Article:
Dressing “right” can be tough. The rules of fashion are fickle and it can be difficult to know just what’s acceptable nowadays. Should you always match your belt with your shoes? Is pairing black with blue or brown really in poor taste? And does anyone truly follow the “no white after Labor Day” rule? If you’ve ever chaffed under these restrictions, you’re not alone. Here are four traditional rules of dress that you can safely break and still look perfectly presentable.
Rule #1: Don’t Wear White After Labour Day
In the late 19th century, more and more people were enjoying financial prosperity, which made it difficult to tell who came from old money and who was nouveau riche. In order to distinguish between the two, those from the supposedly higher class of inherited wealth decided that white clothing would not be worn after the summer months. Labor Day had recently become a federal holiday so society regarded it as the appropriate and official endpoint for the summer season.
As an arbitrary decision based on class snobbery, this is one rule made to be broken. This fall be daring and don a light gray basketweave blazer or white sneakers with your suit for a fresh, contemporary look.
Rule #2: Don’t Pair Black With Brown or Blue
Most everyone knows this rule never applies when the blue is denim but, as with the “no white after Labor Day” principle, this is a longstanding rule that can also be ignored outright. The idea that these colors run so closely in tone that they don’t go together is kind of absurd—dark colors can complement other dark colors as long as they match in texture and shade. Plus, tone on tone dressing is a rising trend, so don’t be afraid to wear, for example, a navy shirt with charcoal pants.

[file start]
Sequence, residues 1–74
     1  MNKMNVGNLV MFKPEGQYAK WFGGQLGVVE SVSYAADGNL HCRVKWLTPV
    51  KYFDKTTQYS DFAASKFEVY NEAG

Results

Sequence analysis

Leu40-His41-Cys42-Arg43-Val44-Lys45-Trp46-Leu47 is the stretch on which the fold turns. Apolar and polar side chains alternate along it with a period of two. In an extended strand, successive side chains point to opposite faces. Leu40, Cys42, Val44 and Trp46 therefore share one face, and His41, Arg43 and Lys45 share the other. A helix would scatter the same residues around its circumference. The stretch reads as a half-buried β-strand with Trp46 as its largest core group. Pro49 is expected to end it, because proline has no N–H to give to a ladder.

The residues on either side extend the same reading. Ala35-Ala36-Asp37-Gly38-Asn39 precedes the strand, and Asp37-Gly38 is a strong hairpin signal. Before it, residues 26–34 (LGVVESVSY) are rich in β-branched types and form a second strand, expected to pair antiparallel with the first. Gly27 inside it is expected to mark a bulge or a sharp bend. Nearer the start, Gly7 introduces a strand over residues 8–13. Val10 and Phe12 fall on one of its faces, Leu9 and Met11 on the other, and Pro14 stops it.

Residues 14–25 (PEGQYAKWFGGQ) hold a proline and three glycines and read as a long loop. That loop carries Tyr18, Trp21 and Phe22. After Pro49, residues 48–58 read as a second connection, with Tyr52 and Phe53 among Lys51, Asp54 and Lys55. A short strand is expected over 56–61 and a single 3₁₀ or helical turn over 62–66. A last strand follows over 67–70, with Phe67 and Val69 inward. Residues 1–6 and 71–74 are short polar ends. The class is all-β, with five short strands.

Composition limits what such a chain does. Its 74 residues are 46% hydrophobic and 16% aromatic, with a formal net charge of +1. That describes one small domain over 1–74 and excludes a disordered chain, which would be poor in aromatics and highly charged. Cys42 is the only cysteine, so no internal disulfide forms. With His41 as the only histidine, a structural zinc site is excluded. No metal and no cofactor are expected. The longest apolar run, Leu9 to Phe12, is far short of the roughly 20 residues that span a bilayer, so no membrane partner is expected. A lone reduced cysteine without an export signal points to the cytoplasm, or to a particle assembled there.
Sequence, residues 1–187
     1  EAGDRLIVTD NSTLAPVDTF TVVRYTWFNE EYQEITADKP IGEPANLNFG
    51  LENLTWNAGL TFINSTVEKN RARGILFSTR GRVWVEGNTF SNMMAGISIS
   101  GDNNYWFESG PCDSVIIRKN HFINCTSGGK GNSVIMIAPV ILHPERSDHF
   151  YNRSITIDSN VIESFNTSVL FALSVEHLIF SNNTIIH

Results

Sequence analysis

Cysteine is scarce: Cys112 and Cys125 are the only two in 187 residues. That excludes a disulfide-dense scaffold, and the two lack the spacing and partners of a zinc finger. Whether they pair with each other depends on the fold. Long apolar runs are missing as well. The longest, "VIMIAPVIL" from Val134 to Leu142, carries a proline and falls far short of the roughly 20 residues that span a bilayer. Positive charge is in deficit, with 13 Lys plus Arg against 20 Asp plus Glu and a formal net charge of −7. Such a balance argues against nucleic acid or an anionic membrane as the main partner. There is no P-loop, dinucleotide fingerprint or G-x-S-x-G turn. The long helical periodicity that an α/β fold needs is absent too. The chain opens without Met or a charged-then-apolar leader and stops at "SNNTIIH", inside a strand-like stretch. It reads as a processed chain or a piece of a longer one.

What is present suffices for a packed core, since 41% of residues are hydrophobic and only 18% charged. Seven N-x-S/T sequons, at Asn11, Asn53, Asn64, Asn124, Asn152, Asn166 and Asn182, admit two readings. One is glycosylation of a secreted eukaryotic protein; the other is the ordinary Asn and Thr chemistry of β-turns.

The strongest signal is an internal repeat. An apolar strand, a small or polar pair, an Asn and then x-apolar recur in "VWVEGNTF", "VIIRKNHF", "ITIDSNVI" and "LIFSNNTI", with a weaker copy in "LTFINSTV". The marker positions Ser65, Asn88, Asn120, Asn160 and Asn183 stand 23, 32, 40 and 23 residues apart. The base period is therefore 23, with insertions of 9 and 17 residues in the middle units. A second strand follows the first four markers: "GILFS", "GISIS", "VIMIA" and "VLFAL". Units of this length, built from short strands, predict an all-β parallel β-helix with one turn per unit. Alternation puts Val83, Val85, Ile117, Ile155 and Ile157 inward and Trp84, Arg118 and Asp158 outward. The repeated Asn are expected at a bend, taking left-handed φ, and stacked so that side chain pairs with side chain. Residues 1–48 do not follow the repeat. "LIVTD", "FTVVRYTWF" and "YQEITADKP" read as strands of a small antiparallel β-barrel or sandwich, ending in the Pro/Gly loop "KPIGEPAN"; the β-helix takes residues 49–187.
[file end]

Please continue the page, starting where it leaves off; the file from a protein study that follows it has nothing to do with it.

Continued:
Rule #3: Match Your Belt With Your Shoes
For formal occasions, matching your belt with your shoes creates a sharp, sophisticated appearance, but it’s not a style that works for every situation. In a more relaxed setting, a brown suede belt with brown suede shoes risks appearing finicky or overly fastidious.
Don’t overthink your accessories. A brown belt and black shoes, or vice versa, are completely acceptable—just make sure they exhibit similar levels of wear and go with the rest of your outfit and you’ll look great.
Rule #4: Always Wear Socks With Your Shoes
Many will caution against it, but it’s become increasingly common to go sockless when wearing shoes. It’s especially great for a casual summer look, when a cool breeze feels good on the ankles. But keep in mind, if you’re attending a job interview or wedding reception, it’s best to keep your socks on.
Admittedly, some of these rules still serve as good advice depending on the situation. But as time marches on, so does fashion, and what was once regarded as unstylish is now viewed as appealing and smart. So, forget those rigid, old-fashioned rules on dressing and embrace a new wardrobe—one that’s filled with mismatched accessories, tonally similar clothes, and the occasional bare ankle.